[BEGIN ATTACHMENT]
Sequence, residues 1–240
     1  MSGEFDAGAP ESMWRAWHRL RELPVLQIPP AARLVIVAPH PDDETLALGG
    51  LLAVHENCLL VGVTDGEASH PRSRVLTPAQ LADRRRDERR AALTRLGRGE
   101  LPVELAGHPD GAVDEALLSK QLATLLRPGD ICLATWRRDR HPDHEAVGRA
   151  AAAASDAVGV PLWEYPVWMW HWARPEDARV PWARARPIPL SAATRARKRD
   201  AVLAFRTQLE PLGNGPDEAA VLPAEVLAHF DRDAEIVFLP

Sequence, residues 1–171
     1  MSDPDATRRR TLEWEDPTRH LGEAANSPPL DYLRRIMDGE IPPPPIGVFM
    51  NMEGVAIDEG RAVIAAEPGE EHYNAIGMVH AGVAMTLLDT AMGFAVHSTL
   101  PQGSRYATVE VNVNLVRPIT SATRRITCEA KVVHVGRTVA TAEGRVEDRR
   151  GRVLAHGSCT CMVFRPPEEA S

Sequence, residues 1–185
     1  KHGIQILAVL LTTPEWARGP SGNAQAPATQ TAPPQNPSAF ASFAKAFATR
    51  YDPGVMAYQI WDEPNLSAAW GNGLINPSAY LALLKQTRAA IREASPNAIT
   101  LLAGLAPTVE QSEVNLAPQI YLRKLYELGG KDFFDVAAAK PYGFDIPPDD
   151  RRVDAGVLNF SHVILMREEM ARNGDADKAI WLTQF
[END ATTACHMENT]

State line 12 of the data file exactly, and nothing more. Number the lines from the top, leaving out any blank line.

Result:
Sequence, residues 1–185